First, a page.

First Thai-mer

Yum Yum Bangkok 650 9th Ave, New York, NY 10036 Btwn. 45th & 46th St. (212) 262-7244 (Photo courtesy of...

Yum Yum Bangkok
650 9th Ave, New York, NY 10036

Btwn. 45th & 46th St.
(212) 262-7244

(Photo courtesy of Shanna Ravindra, New York Magazine/

I'm thoroughly ashamed to say that until Sunday night, I was a Thai virgin. Don't knock me for it. Just be glad I finally got into the groove...and loved it.

All thanks go to my friend for dragging me to Yum Yum Bangkok in Hell's Kitchen (there are a few of them on the same street--this one's the least upscale).

I obviously can't say if this is the best Thai place out there because I haven't been around. So, I'm sure there are others just as great if not better. But wait a second and listen to my schpiel about it, will you?

The oceanic slideshows that stream from multiple large-screen TVs, the thinly rectangular, ember-colored ceiling lights, the steely gray overhead tunnel tube (the kind in your basement), and the timeworn exposed brick walls make it intimate and cozy rather than stuffy and pretentious. 

(Photo courtesy of Shanna Ravindra, New York Magazine/

When the staff decides to do a little soundtrack switcheroo, this place will become the perfect first date spot: the song "It Must Have Been Love, but It's Over Now" played twice in a row. It was, however, germane to our conversation about my friend's past relationships.

All that aside, everything else was top-knotch. To start off, I ordered a lychee sangria. It had a pale yellow color and a sweet pear-like flavor with a tangy grapefruit finish from the naturally sweet and tangy lychee fruit. My friend got the Thai iced tea: chilled black tea with a smidgen of sugar and cream. Who knew?

Here's the scoop on the rest of our meal:

Appetizer: Chicken satay skewers with two sauces on the side: a light peanut one and an almost translucent one that had cucumber bits floating on top. Forgive me: I cannot, for the life of me, remember the taste. All I know is that the first was better. It didn't have the gluey consistency like some other poor excuses for dipping sauce. It was just enough to give the tender chicken cubes a gingery peanut glaze. Not too sweet, not too spicy.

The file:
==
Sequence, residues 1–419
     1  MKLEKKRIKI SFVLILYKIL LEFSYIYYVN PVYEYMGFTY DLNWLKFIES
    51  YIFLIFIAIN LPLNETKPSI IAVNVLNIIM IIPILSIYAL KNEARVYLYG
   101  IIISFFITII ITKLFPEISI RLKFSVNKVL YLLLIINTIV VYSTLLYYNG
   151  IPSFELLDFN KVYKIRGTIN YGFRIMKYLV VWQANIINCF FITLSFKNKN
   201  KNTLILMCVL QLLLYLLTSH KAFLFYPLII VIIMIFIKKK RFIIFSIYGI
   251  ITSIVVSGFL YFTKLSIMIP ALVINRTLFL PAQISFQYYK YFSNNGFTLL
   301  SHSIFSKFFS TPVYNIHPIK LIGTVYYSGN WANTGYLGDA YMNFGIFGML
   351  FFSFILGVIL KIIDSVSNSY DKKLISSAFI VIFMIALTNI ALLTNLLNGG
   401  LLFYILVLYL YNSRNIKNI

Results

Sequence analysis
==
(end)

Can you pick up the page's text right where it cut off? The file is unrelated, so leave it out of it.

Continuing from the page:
My entree: Chicken and broccoli with my flavor of choice. I picked the oyster sauce out of the 14 others on the list (ginger, chili, red curry, green curry, tamarind, and more); I couldn't resist after watching Ming Tsai do a veggie stir fry with the same stuff a few days ago. For the first two bites, the soft chicken morsels had a really pungent, slightly briny taste with sharp burst of raw garlic. But on the second bite, it got much, much better-- incredible umami flavor. Don't ask me how such a quick taste turnaround is possible. I don't know.

His entree: The pad thai: soft rice noodles, ground peanuts, bean sprouts, shredded carrots, and bits of fried egg saturated with a salty, sweet and savory light brown sauce. I tasted it; it lacked the spicy Thai element for which I'd prepared myself, but I didn't mind. 

Our meal, drinks and appetizer included, came to about $30. Not bad, eh?

One Warning: If you go to Yum Yum to celebrate a birthday, be prepared for the uber-creepy rendition of Happy Birthday that pipes through the surround-sound system (imagine a mega-choir of five-year-olds crooning the tune. It's equivalent to a live episode of Barney). 

Your guest of honor will want to duck and hide under the table. I know I would.

Nonetheless, Yum Yum's the Word (you knew I'd say it),


Prices: Not bad. Most expensive menu item costs about $11 $5 for the lychee sangria.

Suitable for all ages. 


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